Google's corporate network was hacked because its workers were running rival Microsoft's Internet Explorer browser, a point that didn't escape the notice of security researchers and Web users.
"More interesting than the IE zero-day, is why wasn't Google running Chrome?" asked Andrew Storms, director of security operations at nCircle Network Security, shortly after Microsoft issued a security advisory that told users of a critical, unpatched bug in Internet Explorer (IE).
Thursday, Microsoft acknowledged that the IE exploit had been used in the attacks against Google and other major corporations. "We have determined that Internet Explorer was one of the vectors used in targeted and sophisticated attacks against Google and possibly other corporate networks," said Mike Reavey, director of Microsoft's Security Response Center (MSRC).
In fact, the malware that Microsoft and others researchers have examined was designed to exploit IE6, the eight-year-old browser that's most often used with Windows XP.
Others, in addition to Storms, questioned why Google wasn't "eating its own dog food," the phrase used to describe software development companies running their own products, often in early editions long before they're made public. "I have to wonder, why the hell is Google using IE, and why IE6?" asked a Computerworld reader in a comment appended to a story on the IE bug. "In fact, why Windows-based servers? Eat your own dog food, Google."
"Actually, it's the norm within companies, especially technology companies, for employees to run multiple browsers," said John Pescatore, Gartner's primary analyst on security subjects, noting that Google's workers may have, say, Chrome and IE on their machines. "But it's almost impossible for IE not to start up at some point during the day."
Sheri McLeish, a Forrester analyst who covers browsers, wasn't surprised by the fact that Google workers run IE, even the aged IE6. "I don't have first-hand knowledge of why Google is using IE6, but what's under the hood at enterprises isn't always best practices," McLeish said. "There are likely business reasons why Google runs IE, because if they were easily able to upgrade [to IE8], they would."
Microsoft said, and independent researchers confirmed, that the exploits which struck Google would be largely deflected by IE7 and IE8, particularly the latter because it enables DEP (data execution prevention) by default.
"What these attacks point to is the fact that a lot of companies are running IE6," McLeish said. "Microsoft wants to kill IE6, a lot of companies want to kill it. But they can't."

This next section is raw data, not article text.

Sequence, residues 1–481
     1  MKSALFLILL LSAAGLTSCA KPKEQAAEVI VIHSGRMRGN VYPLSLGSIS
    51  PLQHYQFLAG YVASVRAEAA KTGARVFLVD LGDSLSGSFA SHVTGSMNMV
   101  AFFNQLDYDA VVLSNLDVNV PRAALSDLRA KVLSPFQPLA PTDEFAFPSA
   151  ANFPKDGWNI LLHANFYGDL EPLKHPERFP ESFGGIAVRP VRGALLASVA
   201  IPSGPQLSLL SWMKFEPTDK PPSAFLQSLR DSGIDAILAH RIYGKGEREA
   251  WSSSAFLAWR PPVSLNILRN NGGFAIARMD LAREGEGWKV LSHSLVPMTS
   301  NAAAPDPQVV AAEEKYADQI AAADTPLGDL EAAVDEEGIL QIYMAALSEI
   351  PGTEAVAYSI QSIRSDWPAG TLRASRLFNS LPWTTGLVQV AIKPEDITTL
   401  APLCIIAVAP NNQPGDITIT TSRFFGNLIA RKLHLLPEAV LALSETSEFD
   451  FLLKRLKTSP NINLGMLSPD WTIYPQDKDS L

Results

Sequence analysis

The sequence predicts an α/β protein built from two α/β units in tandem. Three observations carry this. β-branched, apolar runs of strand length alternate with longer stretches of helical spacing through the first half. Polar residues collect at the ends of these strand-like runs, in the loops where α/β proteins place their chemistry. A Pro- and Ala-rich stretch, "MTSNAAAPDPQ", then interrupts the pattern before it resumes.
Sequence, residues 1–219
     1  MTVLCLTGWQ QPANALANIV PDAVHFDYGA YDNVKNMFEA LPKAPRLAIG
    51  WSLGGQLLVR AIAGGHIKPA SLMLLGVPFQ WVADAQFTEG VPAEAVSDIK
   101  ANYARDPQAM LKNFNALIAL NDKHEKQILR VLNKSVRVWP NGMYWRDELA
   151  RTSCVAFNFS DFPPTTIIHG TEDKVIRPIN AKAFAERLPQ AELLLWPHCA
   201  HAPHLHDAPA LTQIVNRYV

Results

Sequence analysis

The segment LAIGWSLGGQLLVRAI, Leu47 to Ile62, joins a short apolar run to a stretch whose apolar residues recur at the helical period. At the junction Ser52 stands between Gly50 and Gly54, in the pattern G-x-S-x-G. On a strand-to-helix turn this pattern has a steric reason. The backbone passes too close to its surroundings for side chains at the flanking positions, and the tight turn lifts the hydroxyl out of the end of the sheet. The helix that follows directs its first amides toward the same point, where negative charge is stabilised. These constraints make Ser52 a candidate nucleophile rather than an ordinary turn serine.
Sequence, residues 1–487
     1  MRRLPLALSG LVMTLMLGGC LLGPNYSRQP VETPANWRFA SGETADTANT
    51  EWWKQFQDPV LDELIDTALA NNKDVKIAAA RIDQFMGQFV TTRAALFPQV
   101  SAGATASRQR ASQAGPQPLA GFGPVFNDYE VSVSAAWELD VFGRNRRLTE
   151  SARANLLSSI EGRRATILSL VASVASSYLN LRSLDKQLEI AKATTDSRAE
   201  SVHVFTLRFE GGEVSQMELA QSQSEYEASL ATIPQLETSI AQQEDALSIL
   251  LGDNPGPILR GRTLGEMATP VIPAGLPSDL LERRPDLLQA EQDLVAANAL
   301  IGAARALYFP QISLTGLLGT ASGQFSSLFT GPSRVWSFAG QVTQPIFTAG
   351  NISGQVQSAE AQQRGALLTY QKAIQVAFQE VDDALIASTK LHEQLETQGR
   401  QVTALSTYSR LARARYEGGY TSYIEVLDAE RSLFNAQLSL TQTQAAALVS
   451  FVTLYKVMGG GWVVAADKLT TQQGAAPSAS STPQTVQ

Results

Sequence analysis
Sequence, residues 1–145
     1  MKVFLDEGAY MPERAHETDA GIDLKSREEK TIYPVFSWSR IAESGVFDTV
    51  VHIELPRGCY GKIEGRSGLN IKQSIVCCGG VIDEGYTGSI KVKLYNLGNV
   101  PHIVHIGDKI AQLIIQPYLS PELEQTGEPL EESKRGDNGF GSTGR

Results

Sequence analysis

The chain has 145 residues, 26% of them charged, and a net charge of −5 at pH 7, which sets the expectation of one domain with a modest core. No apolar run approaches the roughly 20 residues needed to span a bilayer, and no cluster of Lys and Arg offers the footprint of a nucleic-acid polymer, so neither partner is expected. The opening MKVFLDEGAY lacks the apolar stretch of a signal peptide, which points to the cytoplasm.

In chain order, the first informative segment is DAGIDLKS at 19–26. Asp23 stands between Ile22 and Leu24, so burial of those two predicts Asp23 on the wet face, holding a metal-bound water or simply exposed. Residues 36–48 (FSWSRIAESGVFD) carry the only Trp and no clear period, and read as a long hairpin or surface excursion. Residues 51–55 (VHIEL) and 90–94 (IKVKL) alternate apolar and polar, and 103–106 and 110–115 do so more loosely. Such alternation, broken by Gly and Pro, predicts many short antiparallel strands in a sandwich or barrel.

As McLeish said, Microsoft has urged customers to upgrade from IE6 to newer editions of its browser. It kicked off a campaign last August when Microsoft's general manager for IE said, "Friends don't let friend use IE6." The efforts haven't been entirely successful. Last year, as users began switching to IE8, they were more likely to desert IE7 than the even older IE6. According to Web metrics company Net Applications, IE6 lost 38% of its usage share during 2009, but IE7 lost even more: It dropped by 56%.
Because of IE's dominance in enterprises -- one recent estimate is that IE runs on 80% of corporate computers -- it remains a prime target, and exploits that leverage its vulnerabilities make ideal vectors for attacks against businesses, Pescatore said.
The attacks that exploited IE's unpatched flaw first came to light Tuesday, when Google announced that Chinese attackers had made off with intellectual property from its corporate network, and also tried to access the Gmail accounts of Chinese human rights activists. Google said the attacks, along with increasing censorship of the Web by China's government, had prompted a reevaluation of its business in the country.
Researchers at McAfee said their investigation showed that the attacks began in mid-December 2009 and stopped Jan. 4, 2010, when the hackers' command-and-control servers were taken offline.
Google did not reply to a request for an explanation of why at least some of the company's workers use Microsoft's IE.
Gregg Keizer covers Microsoft, security issues, Apple, Web browsers and general technology breaking news for Computerworld. Follow Gregg on Twitter at @gkeizer, send e-mail to firstname.lastname@example.org or subscribe to Gregg's RSS feed .